I love to practice!

Who wouldn’t want to hear those words?  Gone are the days of banishing a child to his or her room to practice!  Today’s parents are more involved with their children.  Ask a parent and he or she will say that they want to be part of the progress, part of the joy of seeing their child develop.

If parents can make practice as enjoyable as possible so that their child sees progress,  that child will learn so many life lessons.  Starting early in their life, they can experience the rewards of perseverance, self-discipline, goal-setting, delayed gratification, patience.

The following ideas from the Suzuki Association of America will help keep parents motivated, helping to give their child the best experience possible.   According to Suzuki,  very young children should “practice three minutes, five times a day, with joy.”  When put that way, who couldn’t plan for that?  Of course, as the years progress, you will have other tricks at the ready to keep your child’s eye on the prize.


Practice ideas from the Suzuki Association

The main point of practice is spending time with your child with joy!

Be consistent.  Some find 10 minutes before school is the perfect time.

Use the expression, in our family.  “In our family we practice every day.”  “This is what we do in our family.”

Don’t worry about perfection.  We want our children to learn that life isn’t about doing things perfectly, but about trying new things and embracing challenge.

Practice time doesn’t have to be measured in minutes.  You can teach your child that reaching a goal accomplishes the task.

Suzuki wisdom of learning is encompassed in his saying: “Move slowly and never stop.”  Make the goal reachable and stop before the child is ready to stop.  He’ll want to start up again the next day. He won’t stop.

Lengthen practice time gradually as the child gains strength and stamina and as more concepts are added.

Click here for the “rest of the [practice] story”!

“Any child can be developed.  It depends on how you do it.”  Shinichi Suzuki

How long should I practice a piece?

practice a piece

Practice one piece for how long?

There are some misconceptions about learning to play the violin. Practice is not about putting in a certain number of  hours each day.  Nor is it what some do–many people give themselves a time limit to learn a piece.

However, if they reach the time limit, or stages along the way, and can’t play the piece the way they want to, they feel that “the piece is not for them.”

You ARE in charge!

While practicing the violin, you don’t have a buzzer to tell you that ‘time’s up.” And you don’t have someone telling you that your turn is over like in baseball game where you aren’t totally in charge. There, a pitcher throws the ball at you and, after three strikes, you are out. In this case, you are called out by the umpire.  However, in any field of learning you are the pitcher, the batter, and the umpire all at the same time. When learning something, you can pitch yourself as many balls as you like, and you can try to hit them as many times as you like. The only one to call you out is you.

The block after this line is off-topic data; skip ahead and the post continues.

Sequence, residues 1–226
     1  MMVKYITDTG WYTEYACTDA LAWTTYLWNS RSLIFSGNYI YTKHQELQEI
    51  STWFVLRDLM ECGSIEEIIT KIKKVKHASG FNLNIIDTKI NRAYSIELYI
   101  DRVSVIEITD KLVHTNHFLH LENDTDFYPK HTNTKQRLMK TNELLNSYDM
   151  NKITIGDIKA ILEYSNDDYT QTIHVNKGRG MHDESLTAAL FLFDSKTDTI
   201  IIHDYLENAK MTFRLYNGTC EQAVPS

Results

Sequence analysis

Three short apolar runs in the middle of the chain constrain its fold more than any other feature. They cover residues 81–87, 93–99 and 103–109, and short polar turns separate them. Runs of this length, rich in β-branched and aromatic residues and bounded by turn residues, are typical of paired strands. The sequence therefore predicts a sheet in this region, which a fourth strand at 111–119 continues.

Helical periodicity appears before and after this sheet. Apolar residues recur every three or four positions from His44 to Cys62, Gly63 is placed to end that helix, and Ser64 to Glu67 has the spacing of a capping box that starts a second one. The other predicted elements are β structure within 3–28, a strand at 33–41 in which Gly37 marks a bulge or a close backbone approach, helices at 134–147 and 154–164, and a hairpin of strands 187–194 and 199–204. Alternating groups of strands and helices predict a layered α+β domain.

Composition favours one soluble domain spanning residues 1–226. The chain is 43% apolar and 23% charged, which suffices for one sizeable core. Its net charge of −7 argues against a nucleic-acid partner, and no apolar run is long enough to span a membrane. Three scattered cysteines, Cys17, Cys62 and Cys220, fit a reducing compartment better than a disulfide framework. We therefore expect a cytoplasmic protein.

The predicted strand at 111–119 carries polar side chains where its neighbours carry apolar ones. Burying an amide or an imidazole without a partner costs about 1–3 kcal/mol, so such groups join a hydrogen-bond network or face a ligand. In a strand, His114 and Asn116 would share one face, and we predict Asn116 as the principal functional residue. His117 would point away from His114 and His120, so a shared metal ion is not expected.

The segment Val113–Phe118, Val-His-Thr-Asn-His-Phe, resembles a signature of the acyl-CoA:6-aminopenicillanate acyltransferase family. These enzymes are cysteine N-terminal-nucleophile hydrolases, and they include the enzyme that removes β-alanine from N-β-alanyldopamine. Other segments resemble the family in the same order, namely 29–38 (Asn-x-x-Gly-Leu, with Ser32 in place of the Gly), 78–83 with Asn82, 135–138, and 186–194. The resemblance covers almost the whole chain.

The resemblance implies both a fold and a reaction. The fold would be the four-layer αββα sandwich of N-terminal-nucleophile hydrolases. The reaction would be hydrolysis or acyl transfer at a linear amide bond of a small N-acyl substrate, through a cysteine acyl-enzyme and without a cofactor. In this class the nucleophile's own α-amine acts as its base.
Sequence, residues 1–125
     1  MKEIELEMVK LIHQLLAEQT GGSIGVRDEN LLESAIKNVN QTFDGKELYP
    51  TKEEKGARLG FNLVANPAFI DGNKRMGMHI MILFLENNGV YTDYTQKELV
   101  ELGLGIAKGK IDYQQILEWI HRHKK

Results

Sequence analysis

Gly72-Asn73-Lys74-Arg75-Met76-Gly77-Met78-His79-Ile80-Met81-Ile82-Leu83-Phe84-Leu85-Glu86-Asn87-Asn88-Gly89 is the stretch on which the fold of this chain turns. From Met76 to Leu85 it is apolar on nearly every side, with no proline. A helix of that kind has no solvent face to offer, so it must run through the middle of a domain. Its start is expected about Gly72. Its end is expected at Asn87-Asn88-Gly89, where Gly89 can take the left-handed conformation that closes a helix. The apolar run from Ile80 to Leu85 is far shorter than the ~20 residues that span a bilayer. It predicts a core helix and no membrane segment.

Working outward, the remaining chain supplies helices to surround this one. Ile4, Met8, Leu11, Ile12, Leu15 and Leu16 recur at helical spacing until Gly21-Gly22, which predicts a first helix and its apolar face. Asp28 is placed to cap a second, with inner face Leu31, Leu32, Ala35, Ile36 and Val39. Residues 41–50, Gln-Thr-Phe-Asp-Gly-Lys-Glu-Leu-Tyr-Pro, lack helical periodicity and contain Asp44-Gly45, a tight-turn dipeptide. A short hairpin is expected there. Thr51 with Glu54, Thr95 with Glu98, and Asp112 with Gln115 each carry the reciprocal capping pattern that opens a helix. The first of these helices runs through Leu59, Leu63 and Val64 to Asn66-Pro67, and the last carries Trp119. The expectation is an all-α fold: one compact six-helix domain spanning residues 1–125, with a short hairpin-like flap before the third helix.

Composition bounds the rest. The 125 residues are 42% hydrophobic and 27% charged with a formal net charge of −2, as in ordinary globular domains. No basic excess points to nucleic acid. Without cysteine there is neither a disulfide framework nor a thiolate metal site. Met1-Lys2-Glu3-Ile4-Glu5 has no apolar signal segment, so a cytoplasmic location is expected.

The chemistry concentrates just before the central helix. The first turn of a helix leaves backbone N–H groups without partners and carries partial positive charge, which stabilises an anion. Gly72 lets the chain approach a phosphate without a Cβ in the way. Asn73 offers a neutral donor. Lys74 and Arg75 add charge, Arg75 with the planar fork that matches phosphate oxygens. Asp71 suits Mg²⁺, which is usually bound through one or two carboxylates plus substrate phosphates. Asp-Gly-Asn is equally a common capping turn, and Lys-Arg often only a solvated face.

Setting a deadline and giving up is like calling yourself out.

But, they make it look so easy.

Professional violinists haven’t called themselves out in practice.  Vadim Brodsky tells about the time he won a special commendation for playing the Paganini Caprice #1.  Although he was praised for how well he played, he says, “I was the only one who knew I had been working on the movements in the piece for 13 years. Nobody cares how long you work on a piece. They just care about what they hear.”

If you quit too soon, you don’t give yourself a chance to accomplish what might have been possible.  Don’t be fooled by the professionals.  They have put in the time to master a piece.  And they don’t perform it until they feel it is ready for the public.  I doubt they give themselves a time limit….unless it’s something like 13 years.

“Perseverance is the hard work you do after you get tired of doing all the hard work you already did.” Newt Gingrich

Violins & Video Games

A little levity for April 1st!

Yes, there are violins in an orchestra and, well, they can be found playing video game music! Certainly, video games have sound tracks.  And there really was a Video Game Music Concert!

The Tapiola Sinfonietta Orchestra played at the Slush technology conference in Helsinki, Finland, in 2015.  The concert included nine famous themes from popular video games such as Angry Birds, Clash of Clans, Super Stardust, and Boom Beach.

To be enticing, video games must have good music.  Often the music makes the game more exciting, helping the players to get emotionally invested. Some of the tunes even become part of the popular culture.

Yle, the Finnish public broadcaster, posted a series of videos from the conference.

Click here to go to their webpage where you can choose from 21 selections. I liked– Slush: Angry Birds Medley.  You might prefer Apocalyptica Cello’s version of Angry Birds.

Move over Star Wars soundtrack!

Angry Birds!


Tapiola Sinfonietta

“Creativity is intelligence having fun.” Albert Einstein


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